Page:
Genting Singapore to MGM: No Sale

Lim Kok Thay (l.), executive chairman of Genting Singapore, acknowledged last week that he was approached by MGM Resorts International with an “unsolicited” offer for his stake in the Malaysian casino operator. He did not pursue it. Stock values see-sawed on the news.

Genting Singapore to MGM: No Sale

Shares of Malaysian casino operator Genting Singapore jumped more than 9 percent July 15 on news that MGM Resorts International was circling the company with a takeover bid. Stocks then dropped 6.2 percent when Genting characterized the bid as “unsolicited,” and trading stopped after an inquiry from the Singapore Exchange.

The report, initially published by Bloomberg News, was based on unnamed sources who said MGM approached Genting Singapore Executive Chairman Lim Kok Thay. The Lim family controls parent Genting Berhad and owns 53 percent of its Singapore subsidiary, which runs Resorts World Sentosa (RWS), one of two integrated resorts (IRs) in the city-state. RWS currently has a market value of about S$9.7 billion (US$7 billion).

In addition to RWS, Genting Berhad also owns and operates casinos in the Bahamas, Malaysia, the Philippines and the United States, including Resorts World Las Vegas, Resorts World Catskills and Resorts World New York City.

RWS and its only competitor, Marina Bay Sands, a unit of the Las Vegas Sands Corp., opened in 2010. They recently won an extension of their gaming duopoly until 2030 in a very competitive bidding process that included MGM Resorts, in exchange for investments of S$4.5 billion (US$3.3 billion) each. Through 2025, RWS will boost its gross floor area by about 50 percent and add new attractions and entertainment along Singapore’s Greater Southern Waterfront.

Though the Lim family shrugged off the MGM offer, other potential suitors are reportedly looking at Genting Singapore, in part because of the market’s ongoing management of its recovery from Covid-19. Singapore’s “living with Covid” strategy has been held up as an example of successful coexistence with the virus, compared to the “zero-Covid,” stop-start model employed in Macau. That approach, which clamps down borders and businesses as a response to even minor outbreaks, has the world’s No. 1 gaming hub expected to generate zero revenue for the year, and its operators burning cash to pay the bills. Zero-Covid also has not successfully contained the spread of infection, as witnessed by the recent outbreak that reached almost 1,800 new cases since mid-June.

Genting Singapore, by contrast, has remained mostly profitable throughout the pandemic, and recently reported a 13 percent year-on-year revenue increase to S$315 million (US$225 million). In other good news, the Singapore Tourism Board said last week that it expects a bump in foreign visitors in the second half of this year.

In May, Genting Singapore reported a net profit of S$40.4 million (US$28.8 million) for the first quarter of 2022, up 17.3 percent from the previous quarter, for a 16.9 percent increase year-over-year.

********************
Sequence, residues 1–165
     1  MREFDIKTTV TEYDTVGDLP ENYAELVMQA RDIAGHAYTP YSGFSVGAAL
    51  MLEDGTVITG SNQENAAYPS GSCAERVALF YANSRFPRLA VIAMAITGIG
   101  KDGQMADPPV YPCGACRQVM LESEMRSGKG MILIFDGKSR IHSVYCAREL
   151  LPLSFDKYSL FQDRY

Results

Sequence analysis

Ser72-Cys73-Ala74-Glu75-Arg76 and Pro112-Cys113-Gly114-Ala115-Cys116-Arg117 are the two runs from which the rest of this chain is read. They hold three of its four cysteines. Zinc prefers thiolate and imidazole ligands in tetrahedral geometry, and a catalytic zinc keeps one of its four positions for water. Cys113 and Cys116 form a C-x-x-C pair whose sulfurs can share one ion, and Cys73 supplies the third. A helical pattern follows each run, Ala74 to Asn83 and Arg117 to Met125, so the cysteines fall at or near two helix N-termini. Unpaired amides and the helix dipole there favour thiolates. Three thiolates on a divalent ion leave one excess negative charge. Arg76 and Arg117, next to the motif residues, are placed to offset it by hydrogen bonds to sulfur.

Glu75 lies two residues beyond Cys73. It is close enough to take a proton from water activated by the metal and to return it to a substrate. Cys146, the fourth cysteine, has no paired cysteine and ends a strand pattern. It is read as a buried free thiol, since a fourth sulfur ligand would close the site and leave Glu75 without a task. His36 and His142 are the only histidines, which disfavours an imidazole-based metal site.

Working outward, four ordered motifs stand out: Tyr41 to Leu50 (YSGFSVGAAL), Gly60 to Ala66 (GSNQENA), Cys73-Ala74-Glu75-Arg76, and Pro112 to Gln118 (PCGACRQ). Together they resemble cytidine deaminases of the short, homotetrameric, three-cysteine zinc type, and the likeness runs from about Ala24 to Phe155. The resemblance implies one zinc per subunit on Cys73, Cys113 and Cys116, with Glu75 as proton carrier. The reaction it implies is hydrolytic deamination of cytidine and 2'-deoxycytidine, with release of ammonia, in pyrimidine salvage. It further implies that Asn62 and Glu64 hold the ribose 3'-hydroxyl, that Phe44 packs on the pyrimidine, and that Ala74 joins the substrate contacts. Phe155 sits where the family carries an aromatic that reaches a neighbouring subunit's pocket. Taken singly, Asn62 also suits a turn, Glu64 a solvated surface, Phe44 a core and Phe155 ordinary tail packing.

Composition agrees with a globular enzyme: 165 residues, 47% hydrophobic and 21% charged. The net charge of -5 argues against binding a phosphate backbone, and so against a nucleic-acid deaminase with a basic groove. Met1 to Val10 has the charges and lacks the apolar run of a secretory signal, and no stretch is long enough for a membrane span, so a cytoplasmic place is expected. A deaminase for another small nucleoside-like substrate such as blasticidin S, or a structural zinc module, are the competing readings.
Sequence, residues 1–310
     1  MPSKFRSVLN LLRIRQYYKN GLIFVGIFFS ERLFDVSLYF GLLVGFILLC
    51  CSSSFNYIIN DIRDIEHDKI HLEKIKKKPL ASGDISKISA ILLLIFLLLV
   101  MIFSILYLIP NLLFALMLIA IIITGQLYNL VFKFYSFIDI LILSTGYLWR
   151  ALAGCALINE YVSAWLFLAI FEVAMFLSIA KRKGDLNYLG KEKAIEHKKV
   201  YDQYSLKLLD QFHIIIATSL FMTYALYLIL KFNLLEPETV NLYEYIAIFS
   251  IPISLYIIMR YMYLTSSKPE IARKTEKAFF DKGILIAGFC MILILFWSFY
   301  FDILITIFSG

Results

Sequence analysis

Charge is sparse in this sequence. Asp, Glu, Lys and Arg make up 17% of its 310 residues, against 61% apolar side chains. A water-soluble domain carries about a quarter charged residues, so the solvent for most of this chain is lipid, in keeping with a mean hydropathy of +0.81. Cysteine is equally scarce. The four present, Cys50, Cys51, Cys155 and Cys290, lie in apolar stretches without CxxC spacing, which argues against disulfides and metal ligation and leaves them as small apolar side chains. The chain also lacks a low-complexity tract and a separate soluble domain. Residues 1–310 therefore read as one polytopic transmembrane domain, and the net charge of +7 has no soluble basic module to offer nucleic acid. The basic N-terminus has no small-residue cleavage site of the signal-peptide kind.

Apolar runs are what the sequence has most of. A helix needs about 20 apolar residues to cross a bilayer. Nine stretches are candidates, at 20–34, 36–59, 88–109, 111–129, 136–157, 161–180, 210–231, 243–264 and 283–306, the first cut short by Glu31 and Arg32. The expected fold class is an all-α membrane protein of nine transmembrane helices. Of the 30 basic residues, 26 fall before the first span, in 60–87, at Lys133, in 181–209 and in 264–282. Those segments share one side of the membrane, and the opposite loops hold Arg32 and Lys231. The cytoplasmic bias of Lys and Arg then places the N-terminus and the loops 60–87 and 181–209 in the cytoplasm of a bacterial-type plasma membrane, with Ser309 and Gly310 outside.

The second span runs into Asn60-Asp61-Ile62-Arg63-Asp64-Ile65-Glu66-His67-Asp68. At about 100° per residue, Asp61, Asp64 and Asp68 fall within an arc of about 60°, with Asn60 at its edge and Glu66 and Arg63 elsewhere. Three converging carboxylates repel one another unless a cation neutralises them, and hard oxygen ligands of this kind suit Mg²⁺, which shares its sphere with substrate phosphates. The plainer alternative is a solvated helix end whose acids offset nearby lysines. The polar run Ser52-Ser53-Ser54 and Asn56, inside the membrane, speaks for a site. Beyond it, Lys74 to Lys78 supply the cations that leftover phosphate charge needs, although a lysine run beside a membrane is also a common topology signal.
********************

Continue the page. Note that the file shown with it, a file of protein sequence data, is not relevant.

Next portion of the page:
The move by MGM Resorts, a U.S.-based company, reflects its growing interest in expanding its Asia holdings. MGM is the majority owner of Macau casino operator MGM China Holdings Ltd., with MGM Macau and MGM Cotai in its portfolio. It has also submitted an application to develop and operate a multibillion-dollar IR in Osaka, Japan. That bid was filed in April, with decision-makers expected to award the country’s first two casino licenses by the end of the year.

As of late last week, representatives of Genting and MGM had not explicitly commented on the Singapore offer. A spokesperson for the Singapore Ministry of Trade and Industry informed Bloomberg that, should an offer be considered, the local government would have to approve. To date, no request from Resorts World Sentosa to divest or change ownership has been received by the city-state officials, the source said.

Despite its interest in Singapore, MGM President and CEO Bill Hornbuckle insists that Macau will “forever be” the world’s top gaming market overall.

And according to Inside Asian Gaming, citing Japanese investment bank Nomura, Genting Berhad is “unlikely to consider selling any interest in Genting Singapore, due to its strategic importance and position as the group’s most profitable asset.”

Nomura analysts Tushar Mohata and Alpa Aggarwal said in a note that RWS “generated the highest EBITDA among all of Genting’s portfolios of gaming assets globally, both before and during the Covid-19 period. This comparison includes Malaysia’s Resorts World Genting which is the next largest contributor.

“Also, being present in Singapore offers much needed geographic diversification, and regulatory predictability to the group … case in point: the Singapore government raised gaming taxes in a gradual manner, with sufficient advance notice, as opposed to the Malaysian government raising gaming taxes by 10pp at one go.

“Genting Singapore is also the strongest group entity from a balance sheet perspective, with net cash of SG$3.1 billion as of end-2021, and dividends received from Genting Singapore help Genting Berhad to service interest on some of the latter’s borrowings.

“Financially, while any sale of its GENS stake could potentially provide a one-time windfall to Genting Berhad and help reduce gearing, we believe there is no similar accretive reinvestment opportunities for such a large cash windfall.”